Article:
Oct 022017

Discover Magazine-Editorial Photography

Discover-Editorial Photography

Discover-Editorial Photography

Discover-Editorial Photography

Discover-Editorial Photography

It was great seeing not one, but two, pieces published in the October issue of Discover magazine! The first story was shot at the UCLA Brain Imaging Center to illustrate a first-person narrative by writer Jeff Wheelwright relating his experience getting tested for the Human Connectome Project, a large study creating a baseline map of the brain to better study how it ages. For the story we created a series of images of him going through various cognitive tests, as well as an overhead of him lying in a decommissioned MRI machine. That latter was a challenge, but we pulled it off with the help of my assistant LR, a patient subject and a Camranger remote, which allowed me to shoot live view wirelessly from my laptop to my Nikon, which was carefully positioned overhead on a boom. The second story was a fascinating piece on advancements in stem cell therapies that are allowing people such as Kristin MacDonald, who I shot at home in Beverly Hills, to regain partial vision almost totally lost to Retinitis Pigmentosa, an incurable degenerative eye disease that caused her to start going blind in her twenties. Others have successfully used the therapy to overcome paralysis caused by stroke or injury. The advancements were initially made possible by the passing of California Proposition 71 in 2004, which provided $3 billion in funding for stem cell research in the state after the feds cut off funding for embryonic stem cell research in 2001. I did a related story several years ago when scientists were just figuring out how to work around the ban, so it was great to see how far things have come in the last seven or so years. I’m looking forward to seeing the advancements this field is sure to produce in the coming years.



Jun 282017

Editorial Corporate Magazine Photography - George Fischer - Paintball

Action - Editorial Corporate Magazine Photography - Paintball

Portrait - Editorial Corporate Magazine Photography - Paintball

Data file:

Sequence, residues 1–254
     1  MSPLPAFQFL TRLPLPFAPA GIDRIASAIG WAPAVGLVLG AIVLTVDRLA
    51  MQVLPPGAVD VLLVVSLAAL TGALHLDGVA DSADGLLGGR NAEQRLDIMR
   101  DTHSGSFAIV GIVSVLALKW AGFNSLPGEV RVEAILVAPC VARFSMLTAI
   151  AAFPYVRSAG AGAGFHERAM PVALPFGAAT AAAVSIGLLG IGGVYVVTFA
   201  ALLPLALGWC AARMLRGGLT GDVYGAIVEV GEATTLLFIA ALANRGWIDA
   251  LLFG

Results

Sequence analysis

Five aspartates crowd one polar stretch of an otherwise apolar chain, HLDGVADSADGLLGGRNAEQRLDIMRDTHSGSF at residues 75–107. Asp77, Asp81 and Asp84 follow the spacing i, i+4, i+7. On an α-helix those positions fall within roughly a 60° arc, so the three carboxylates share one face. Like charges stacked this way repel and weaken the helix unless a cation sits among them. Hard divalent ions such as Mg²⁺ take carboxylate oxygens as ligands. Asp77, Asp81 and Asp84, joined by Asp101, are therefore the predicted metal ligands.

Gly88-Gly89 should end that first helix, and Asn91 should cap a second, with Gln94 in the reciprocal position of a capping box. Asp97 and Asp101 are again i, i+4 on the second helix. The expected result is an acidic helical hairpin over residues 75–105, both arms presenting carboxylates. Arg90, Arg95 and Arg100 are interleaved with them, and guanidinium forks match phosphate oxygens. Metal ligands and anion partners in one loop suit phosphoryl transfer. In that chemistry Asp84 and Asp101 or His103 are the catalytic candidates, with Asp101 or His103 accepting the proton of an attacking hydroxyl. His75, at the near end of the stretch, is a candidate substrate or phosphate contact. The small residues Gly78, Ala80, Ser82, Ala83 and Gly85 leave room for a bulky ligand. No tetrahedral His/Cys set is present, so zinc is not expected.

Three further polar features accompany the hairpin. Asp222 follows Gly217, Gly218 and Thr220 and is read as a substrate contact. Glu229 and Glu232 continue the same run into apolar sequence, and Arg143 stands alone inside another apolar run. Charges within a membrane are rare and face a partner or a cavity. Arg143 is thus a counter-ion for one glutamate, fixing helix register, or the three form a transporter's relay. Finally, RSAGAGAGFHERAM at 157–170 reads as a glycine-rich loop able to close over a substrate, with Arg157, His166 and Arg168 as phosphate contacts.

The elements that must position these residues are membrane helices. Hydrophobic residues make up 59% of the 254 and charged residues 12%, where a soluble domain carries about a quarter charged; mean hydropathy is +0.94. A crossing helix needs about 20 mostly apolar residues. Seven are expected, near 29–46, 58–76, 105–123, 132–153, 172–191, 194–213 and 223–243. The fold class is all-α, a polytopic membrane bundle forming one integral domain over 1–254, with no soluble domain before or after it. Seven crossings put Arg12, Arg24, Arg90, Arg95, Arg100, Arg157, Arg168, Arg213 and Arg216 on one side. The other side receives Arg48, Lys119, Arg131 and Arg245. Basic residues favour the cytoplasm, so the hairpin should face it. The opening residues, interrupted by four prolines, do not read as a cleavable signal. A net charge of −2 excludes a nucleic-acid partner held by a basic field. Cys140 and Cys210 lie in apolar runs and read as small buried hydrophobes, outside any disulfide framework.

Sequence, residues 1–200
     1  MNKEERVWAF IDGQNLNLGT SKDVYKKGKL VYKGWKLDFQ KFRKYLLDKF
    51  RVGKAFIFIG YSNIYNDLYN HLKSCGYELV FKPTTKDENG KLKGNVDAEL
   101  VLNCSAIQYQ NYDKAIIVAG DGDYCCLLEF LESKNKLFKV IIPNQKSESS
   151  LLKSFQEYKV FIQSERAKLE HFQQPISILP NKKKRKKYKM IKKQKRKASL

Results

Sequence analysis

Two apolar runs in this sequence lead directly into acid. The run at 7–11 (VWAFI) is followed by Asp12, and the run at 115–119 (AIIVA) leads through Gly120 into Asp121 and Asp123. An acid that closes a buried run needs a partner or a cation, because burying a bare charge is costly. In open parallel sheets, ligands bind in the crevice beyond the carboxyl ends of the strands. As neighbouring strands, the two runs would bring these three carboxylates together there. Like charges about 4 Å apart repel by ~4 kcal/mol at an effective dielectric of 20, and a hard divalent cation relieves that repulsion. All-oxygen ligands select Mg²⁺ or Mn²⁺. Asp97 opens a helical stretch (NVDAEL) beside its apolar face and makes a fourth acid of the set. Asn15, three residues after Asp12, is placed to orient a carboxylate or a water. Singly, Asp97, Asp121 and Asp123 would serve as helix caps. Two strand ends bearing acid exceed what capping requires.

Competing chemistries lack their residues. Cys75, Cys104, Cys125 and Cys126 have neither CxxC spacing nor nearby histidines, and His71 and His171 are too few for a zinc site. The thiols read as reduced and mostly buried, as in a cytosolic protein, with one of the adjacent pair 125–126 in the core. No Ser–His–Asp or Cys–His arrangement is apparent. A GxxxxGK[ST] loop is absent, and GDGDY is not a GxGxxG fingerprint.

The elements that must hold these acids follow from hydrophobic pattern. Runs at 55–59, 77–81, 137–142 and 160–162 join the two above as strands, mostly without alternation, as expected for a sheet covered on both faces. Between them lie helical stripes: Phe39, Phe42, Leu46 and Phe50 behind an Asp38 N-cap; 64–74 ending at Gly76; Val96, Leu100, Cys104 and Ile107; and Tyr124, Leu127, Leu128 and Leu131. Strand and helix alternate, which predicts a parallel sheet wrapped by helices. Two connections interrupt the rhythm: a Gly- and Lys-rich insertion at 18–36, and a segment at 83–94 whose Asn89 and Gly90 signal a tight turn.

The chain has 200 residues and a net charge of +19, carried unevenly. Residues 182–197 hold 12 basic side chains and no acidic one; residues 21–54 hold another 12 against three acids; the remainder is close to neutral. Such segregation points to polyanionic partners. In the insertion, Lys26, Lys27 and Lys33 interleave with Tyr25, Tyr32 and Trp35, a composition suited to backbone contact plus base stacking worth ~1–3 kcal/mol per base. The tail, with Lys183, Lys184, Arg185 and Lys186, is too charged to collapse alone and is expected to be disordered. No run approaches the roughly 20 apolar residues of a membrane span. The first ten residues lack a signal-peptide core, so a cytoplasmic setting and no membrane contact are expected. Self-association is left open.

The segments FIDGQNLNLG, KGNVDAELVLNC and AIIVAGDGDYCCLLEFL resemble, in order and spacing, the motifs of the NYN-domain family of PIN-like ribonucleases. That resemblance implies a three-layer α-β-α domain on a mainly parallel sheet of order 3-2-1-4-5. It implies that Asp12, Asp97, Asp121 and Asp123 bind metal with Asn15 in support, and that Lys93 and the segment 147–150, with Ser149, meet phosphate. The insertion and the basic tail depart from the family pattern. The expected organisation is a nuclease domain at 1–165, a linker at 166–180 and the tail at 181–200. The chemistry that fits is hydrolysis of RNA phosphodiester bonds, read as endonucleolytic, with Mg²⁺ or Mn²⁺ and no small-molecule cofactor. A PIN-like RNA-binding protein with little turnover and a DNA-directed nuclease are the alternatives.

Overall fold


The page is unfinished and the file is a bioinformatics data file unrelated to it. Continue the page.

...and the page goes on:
I didn’t need a reminder that I made the right choice early on not to pursue a career in combat photography, but after feeling the sting of a paintball against my skin for the third time in only a couple minutes, despite several layers of protective clothing,  I remembered that it was indeed the right call.

Earlier this year I found myself out in the middle of a field seventy miles east of Los Angeles following around paintball enthusiast Justin Sorenson for Georg Fischer’s Globe magazine. Justin is a field service engineer by weekday, avid competitive paintball player by weekend and a really nice guy to work with. They were featuring him as part of a regular series they publish highlighting employees’ passions and pastimes outside the workplace. I had only played paintball once in my life, with some friends as a teenager. Being the new guy, they put me out front. I was quickly shot and went back to the house to hang out until they were through. So given my limited experience it probably goes without saying that I was unprepared when I suddenly found myself on the edge a battlefield where ten guys were raining hellfire upon one another with paint-filled balls of gelatin.

Justin and I had shot some portraits before things started and, when it was his team’s turn to play, made our way onto the field. He told me more or less where to shoot from to avoid being shot, but once play begins it all happens very fast. Starting at their home base on opposite ends of the field, upon the referee’s signal each of the five members of each team sprint in different directions, simultaneously scrambling for cover behind large bunkers while also shooting rapidly at anything they see moving on the other side of the field. The goal is to eliminate everyone on the opposing team by “marking” them with a splat of colored paint. You’re hit, you’re out. Last team standing wins.